radiation therapy

I blame the movie, The Day After. People see the word, radiation - and freak out, imagining giant mutated flesh-eating cockroaches and Mad Max landcapes of shatterred buildings under scorched sun.

Some concerns are legitimate - for example, the dangers of depleted uranium. Steven recently tried to debunk its dangers, correctly pointing out that the gamma radiation is miniscule compared to the natural background. But he also discounts the danger from alpha particles (which are teh main decay product of DU):

In fact, the dead layer of skin cells on your body is more than enough. External alpha radiation cannot harm you unless the concentration is truly mammoth, and it is impossible for U-238 to create such a concentration no matter how much is present.

(emphasis mine). That's true. But external sources of alpha particles are not the concern. While dead skin is pretty much impenetrable, soft lung tissue is something else entirely. And one of the main concerns about DU is that fine dust containing trace amounts can be inhaled - which means that you could end up with alpha emissions inside your lungs. This is a bad thing.

However, other instances of radiation paranoia are completely absurd, such as the fracas over radiation-sanitizing of meat. This is a sensible and completely safe method of removing harmful bacteria and other microorganisms, and if such meat ever passes the hysteria legislation stage, I will only buy meat that has been zapped. I'll never buy non-zapped meat again, given the choice.

But now it's a sign of teh times that we have a thrd category of radiation paranoia, which is neither warranted nor unwarranted. Consider this case, of Police Detainment of a Patient Following Treatment With Radioactive Iodine (from the Journal of the American Medical Association, JAMA).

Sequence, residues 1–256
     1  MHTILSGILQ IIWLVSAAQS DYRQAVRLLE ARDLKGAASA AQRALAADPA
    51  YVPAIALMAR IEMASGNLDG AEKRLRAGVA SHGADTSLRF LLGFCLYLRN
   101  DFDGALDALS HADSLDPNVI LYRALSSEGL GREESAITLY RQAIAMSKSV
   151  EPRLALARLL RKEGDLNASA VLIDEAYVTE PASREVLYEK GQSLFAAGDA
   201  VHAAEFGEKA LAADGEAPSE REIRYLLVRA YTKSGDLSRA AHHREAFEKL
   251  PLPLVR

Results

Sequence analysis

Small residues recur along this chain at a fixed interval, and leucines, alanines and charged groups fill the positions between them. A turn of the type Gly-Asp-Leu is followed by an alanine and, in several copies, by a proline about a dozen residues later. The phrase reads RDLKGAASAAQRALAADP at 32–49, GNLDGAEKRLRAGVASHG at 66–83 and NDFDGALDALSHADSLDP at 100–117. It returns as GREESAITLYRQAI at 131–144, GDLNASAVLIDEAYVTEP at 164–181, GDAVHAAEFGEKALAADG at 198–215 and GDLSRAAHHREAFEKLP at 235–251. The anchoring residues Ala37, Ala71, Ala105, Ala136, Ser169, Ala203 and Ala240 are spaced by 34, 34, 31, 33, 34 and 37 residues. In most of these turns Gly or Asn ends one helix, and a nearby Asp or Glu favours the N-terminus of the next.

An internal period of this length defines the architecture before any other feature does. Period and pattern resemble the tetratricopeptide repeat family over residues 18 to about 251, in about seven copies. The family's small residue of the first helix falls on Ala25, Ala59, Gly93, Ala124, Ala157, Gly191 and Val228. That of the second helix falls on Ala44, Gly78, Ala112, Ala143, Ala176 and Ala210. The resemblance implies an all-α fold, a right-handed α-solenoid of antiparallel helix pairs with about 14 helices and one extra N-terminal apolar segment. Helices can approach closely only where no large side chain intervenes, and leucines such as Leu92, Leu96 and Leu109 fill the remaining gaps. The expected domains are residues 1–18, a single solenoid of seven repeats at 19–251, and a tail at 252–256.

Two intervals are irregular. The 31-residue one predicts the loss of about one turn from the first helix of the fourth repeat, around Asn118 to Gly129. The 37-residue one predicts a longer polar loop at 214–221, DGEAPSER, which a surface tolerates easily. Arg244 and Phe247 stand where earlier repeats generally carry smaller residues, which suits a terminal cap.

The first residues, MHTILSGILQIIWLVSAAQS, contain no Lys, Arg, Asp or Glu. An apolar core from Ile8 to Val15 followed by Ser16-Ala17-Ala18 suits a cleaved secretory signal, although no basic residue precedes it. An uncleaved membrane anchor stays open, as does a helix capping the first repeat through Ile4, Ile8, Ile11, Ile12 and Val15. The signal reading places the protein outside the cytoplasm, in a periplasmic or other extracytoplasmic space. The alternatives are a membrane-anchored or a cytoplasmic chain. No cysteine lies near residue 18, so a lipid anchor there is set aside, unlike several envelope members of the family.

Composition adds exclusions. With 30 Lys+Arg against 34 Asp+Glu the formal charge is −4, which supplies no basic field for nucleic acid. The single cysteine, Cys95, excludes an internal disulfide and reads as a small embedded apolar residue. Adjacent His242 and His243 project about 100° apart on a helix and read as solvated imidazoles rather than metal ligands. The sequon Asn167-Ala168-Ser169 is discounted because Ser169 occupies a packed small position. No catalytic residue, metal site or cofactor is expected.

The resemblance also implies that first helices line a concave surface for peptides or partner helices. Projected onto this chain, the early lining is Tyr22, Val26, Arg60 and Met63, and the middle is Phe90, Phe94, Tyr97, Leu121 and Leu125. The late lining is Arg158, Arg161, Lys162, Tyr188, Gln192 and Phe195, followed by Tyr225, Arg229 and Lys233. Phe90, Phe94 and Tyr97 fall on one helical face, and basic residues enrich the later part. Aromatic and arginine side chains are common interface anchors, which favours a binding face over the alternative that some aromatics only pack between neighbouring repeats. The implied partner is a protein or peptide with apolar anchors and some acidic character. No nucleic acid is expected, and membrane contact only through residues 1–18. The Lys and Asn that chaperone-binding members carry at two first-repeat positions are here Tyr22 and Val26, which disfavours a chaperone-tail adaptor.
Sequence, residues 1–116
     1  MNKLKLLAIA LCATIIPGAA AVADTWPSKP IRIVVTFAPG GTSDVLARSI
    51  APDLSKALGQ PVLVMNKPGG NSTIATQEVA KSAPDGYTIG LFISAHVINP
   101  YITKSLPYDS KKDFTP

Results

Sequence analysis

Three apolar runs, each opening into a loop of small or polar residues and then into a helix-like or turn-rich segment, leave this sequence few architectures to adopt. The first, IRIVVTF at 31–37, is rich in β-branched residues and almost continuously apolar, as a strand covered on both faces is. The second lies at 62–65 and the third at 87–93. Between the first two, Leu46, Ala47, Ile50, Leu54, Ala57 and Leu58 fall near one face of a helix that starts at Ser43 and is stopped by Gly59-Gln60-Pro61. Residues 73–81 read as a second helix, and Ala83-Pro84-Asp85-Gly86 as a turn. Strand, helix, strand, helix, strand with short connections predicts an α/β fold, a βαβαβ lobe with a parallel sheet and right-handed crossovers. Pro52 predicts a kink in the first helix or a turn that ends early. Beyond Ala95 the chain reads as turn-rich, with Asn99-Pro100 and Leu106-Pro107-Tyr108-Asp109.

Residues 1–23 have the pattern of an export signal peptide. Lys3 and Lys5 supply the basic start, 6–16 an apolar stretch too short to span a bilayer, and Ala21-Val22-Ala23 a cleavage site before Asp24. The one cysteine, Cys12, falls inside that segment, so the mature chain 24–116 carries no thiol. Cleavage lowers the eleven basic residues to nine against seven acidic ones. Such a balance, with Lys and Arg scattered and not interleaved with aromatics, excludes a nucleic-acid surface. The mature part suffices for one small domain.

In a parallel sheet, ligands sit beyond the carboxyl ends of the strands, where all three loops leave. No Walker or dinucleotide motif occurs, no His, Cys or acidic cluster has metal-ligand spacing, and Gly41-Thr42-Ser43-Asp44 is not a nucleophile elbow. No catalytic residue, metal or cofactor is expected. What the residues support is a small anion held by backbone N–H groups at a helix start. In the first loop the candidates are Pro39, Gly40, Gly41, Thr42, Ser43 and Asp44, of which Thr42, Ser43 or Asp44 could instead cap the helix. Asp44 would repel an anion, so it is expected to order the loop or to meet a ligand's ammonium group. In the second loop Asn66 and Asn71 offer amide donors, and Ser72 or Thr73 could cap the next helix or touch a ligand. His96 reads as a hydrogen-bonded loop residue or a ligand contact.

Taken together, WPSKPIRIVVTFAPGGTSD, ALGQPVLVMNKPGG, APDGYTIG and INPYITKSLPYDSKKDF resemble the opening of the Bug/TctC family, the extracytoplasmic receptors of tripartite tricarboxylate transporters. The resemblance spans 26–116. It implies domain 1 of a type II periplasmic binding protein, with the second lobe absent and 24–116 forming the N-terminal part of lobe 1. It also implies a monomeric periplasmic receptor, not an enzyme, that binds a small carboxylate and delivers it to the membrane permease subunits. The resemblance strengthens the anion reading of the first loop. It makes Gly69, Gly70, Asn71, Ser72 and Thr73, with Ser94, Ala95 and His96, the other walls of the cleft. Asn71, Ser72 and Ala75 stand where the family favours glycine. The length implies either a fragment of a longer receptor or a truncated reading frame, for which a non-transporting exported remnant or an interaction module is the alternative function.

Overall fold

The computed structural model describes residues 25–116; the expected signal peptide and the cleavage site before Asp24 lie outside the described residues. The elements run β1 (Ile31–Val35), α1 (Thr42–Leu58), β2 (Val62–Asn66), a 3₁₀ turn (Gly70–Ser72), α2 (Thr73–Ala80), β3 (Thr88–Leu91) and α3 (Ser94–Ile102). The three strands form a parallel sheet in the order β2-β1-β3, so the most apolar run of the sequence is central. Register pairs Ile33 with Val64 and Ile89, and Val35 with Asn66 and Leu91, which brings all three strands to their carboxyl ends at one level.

We recently treated a 34-year-old man for Graves disease with 20 mCi of iodine 131. Twenty-four hours after treatment, his radioactive iodine uptake was 63%. Three weeks after treatment, he returned to our clinic complaining that he had been strip-searched twice at Manhattan subway stations. Police had identified him as emitting radiation and had detained him for further questioning. He returned to the clinic and requested a letter stating that he had recently been treated with radioactive iodine.

This patient's experience indicates that radiation detection devices are being installed in public places in New York City and perhaps elsewhere. Patients who have been treated with radioactive iodine or other isotopes may be identified and interrogated by the police because of the radiation they emit.

Read the article, it seems that police in New York have set up radiation detectors in the subways to try and detect potential "dirty" bombs. Without any information as to what energies their detectors are calibrated for, it's impossible to tell if they are being reasonable or not - but the fact that they picked up a patient with standard iodine treatment suggests to me that they are casting their net at the wrong end of the pool.

If anyone wants to turn to a definitive source for both the types of radiation that occur from physical decay processes, and the biological effects of these decay products, I recomend these textbooks (all of which I am using in my own medical physics studies):

Johns and Cunningham: The Physics of Radiology
Knoll: Radiation Detection and Measurement
Khan: The Physics of Radiation Therapy

These are the Bibles of the field of radiation physics and radiation therapy. I know these are expensive, but they should be in your local library. It isn't light reading, but there really needs to be better education of the public about the various types and risk of radiation, and how it's societal benefits compare to the dangers. Maybe I'll start blogging about this more, myself...

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